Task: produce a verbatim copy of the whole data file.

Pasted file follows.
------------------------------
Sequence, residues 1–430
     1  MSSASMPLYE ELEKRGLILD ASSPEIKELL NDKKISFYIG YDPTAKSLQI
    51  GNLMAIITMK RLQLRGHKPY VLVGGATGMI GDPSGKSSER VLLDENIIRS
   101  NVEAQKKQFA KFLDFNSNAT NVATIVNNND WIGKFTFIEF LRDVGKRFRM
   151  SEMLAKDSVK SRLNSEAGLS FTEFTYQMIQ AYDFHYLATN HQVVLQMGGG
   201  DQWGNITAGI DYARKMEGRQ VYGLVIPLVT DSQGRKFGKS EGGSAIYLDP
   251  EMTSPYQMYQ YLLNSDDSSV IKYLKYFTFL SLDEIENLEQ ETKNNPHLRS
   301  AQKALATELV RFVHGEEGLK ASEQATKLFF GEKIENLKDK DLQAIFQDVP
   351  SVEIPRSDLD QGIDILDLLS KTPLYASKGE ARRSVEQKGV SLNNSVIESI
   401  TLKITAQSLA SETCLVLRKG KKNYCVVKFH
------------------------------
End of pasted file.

Sequence, residues 1–430
     1  MSSASMPLYE ELEKRGLILD ASSPEIKELL NDKKISFYIG YDPTAKSLQI
    51  GNLMAIITMK RLQLRGHKPY VLVGGATGMI GDPSGKSSER VLLDENIIRS
   101  NVEAQKKQFA KFLDFNSNAT NVATIVNNND WIGKFTFIEF LRDVGKRFRM
   151  SEMLAKDSVK SRLNSEAGLS FTEFTYQMIQ AYDFHYLATN HQVVLQMGGG
   201  DQWGNITAGI DYARKMEGRQ VYGLVIPLVT DSQGRKFGKS EGGSAIYLDP
   251  EMTSPYQMYQ YLLNSDDSSV IKYLKYFTFL SLDEIENLEQ ETKNNPHLRS
   301  AQKALATELV RFVHGEEGLK ASEQATKLFF GEKIENLKDK DLQAIFQDVP
   351  SVEIPRSDLD QGIDILDLLS KTPLYASKGE ARRSVEQKGV SLNNSVIESI
   401  TLKITAQSLA SETCLVLRKG KKNYCVVKFH